Do you like controls? I sure do. This game has controls! Are they any good? The street is too extreme for consistently good controls! What’s wrong with them? Well first off, your teammates have some of the absolute stupidest AIs ever to grace sports games. On several occasions, your computer-controlled teammates will run past a loose ball only to play coverage on a guy that doesn’t have the ball. Did you just slide tackle an opponent sending him flying and leaving the ball loose? Well that’s awesome because there is no way your opponents will be able to get the ball because your teammates have them covered.
What else is wrong with your teammates? Well, they will always fall for any trick your opponent does in front of them. That brings me to the next problem, tricks are far too easy to use and far too difficult to defend against. Quite a few of the tricks cause your player to fake out and run in a completely opposite direction of the ball. These can be defended against, but in the end, it’s just easier to slide tackle wildly against an opponent dribbling down the court. Also, there’s very little variety to tricks and no way to earn trick points on defense other then intercepting a pass.

Gamebreakers comes back and boy, does it seem silly here. First off, what makes a game breaker in FIFA Street? The big difference between how a normal kick looks and how a gamebreaker looks is that when using a gamebreaker, a cloud of billowy smoke follows the ball to indicate that you really kicked it hard, really hard. Remember in NBA Street how a gamebreaker would subtract a point from your opponent’s score and add two points to yours? A gamebreaker in FIFA Street may score a goal and that’s it. No special features beyond that. Considering how ridiculously easy it is to score in FIFA Street, it’s frustrating that the gamebreakers didn’t accomplish anything more.

Let me clarify one thing here. The controls won’t ever make you toss the controller down in furious rage. They aren’t bad, they’re just very unpolished. Passing is annoying as the tricks because often times, you will try to pass then shoot but the game takes the input as pass, pass, shoot, so I’ve got a player trying to head the ball in from half court. Its frustrating stuff like that which makes my head have veins pulsing and throbbing. Again, nothing is wrong with the core of the engine, but there are more then a few things to nitpick about.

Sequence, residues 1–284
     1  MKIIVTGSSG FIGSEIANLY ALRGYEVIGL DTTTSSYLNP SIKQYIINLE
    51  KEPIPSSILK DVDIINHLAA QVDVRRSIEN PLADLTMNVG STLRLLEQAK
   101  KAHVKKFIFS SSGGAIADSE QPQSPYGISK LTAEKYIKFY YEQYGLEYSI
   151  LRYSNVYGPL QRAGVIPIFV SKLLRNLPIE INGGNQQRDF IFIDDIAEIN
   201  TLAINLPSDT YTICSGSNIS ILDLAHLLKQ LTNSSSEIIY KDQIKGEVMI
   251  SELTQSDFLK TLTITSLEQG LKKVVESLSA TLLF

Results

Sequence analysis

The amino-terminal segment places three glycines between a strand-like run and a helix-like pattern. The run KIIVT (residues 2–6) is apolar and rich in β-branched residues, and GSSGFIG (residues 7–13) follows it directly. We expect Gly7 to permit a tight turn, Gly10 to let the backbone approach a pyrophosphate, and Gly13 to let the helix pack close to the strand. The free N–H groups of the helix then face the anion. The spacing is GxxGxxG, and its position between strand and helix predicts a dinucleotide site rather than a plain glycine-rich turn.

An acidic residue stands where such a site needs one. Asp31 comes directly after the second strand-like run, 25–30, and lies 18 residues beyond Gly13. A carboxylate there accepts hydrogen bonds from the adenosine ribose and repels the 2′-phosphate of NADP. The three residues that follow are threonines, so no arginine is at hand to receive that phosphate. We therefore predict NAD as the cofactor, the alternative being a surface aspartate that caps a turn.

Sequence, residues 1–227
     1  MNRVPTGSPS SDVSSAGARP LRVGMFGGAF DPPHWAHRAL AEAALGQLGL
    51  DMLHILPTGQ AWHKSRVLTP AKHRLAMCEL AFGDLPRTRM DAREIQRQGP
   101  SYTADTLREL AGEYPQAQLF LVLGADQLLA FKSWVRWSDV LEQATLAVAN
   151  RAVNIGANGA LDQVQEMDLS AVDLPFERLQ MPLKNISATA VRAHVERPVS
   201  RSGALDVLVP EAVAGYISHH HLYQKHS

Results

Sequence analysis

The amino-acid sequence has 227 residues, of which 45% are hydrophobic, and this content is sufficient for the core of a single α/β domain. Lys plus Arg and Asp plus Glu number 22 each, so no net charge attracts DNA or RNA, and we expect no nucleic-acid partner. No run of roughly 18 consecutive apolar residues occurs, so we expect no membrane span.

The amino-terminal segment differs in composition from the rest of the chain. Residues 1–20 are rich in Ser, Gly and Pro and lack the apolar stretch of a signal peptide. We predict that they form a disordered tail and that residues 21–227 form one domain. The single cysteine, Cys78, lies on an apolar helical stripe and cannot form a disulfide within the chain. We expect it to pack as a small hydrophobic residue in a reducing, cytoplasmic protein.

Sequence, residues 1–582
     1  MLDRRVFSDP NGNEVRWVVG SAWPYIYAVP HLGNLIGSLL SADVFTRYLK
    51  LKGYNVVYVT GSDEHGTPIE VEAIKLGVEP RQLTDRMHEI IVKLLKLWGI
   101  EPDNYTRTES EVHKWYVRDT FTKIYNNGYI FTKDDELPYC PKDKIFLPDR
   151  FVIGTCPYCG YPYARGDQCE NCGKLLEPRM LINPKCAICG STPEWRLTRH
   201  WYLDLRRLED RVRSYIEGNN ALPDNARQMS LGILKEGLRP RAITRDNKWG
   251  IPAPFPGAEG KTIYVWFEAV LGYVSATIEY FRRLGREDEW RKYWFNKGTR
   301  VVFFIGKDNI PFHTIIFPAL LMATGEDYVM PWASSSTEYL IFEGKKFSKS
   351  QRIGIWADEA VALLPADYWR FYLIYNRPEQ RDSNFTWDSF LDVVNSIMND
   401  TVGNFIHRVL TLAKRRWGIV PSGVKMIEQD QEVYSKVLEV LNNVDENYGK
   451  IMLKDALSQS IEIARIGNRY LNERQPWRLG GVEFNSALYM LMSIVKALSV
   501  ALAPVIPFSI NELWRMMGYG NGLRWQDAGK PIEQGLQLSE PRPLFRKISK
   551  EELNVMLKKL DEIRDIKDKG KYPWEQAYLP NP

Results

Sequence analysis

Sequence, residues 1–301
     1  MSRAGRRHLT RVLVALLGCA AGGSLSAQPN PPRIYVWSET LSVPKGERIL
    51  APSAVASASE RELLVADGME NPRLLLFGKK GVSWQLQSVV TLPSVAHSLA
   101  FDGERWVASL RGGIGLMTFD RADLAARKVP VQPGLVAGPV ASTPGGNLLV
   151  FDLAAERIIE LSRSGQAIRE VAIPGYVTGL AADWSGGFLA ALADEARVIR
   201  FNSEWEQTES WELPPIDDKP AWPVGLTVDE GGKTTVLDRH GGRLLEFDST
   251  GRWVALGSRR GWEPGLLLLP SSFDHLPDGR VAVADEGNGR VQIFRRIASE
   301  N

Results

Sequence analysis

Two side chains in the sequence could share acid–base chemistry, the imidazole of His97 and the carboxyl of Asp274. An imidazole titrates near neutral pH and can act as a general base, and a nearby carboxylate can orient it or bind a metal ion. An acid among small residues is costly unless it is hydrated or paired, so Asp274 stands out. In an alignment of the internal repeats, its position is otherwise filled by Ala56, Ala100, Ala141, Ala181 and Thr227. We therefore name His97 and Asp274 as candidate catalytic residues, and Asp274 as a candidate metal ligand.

Control and Gameplay: 4 out of 10

Replay Value

There are some things to do here. To actually become Lord of the Street, it’ll take you a good three days or so playing a moderate amount. In addition, that doesn’t include if you take the time to 100% the game, which includes unlocking a decent number of the official FIFA players for a dream team mode. In that mode you assemble your favorite players from a pool of everyone you’ve unlocked and take them against another pool of players that you’ve also unlocked. Also there are some very minor unlockables for character creation, including different shirts, pants, and sunglasses.

The game isn’t bursting with content though. Completing the game’s story mode doesn’t give you anything other then a sense of pride in beating the game. Furthermore, there isn’t any real benefit to 100%ing the story mode. The game can last for quite a while if you feel compelled to play it, but it seems that there isn’t a heck of a lot of reason to go back and plat it.

Replay Value: 7 out of 10


FIFA Street has no real learning curve and no real increasing difficulty. Within three to four matches, you should be able to blow out your opponents, if evenly matched, relatively easily on the default difficulty. The controls aren’t complicated and can be mastered within a few matches. Scoring can be accomplished with ease and building up a gamebreaker bar can be done in two shots on goal if you have mastered the trick system.

Having said that, it is worth noting that a change in difficulty in the options will make the game drastically more challenging, especially on the hardest level. FIFA Street can be a challenge if you want it to be.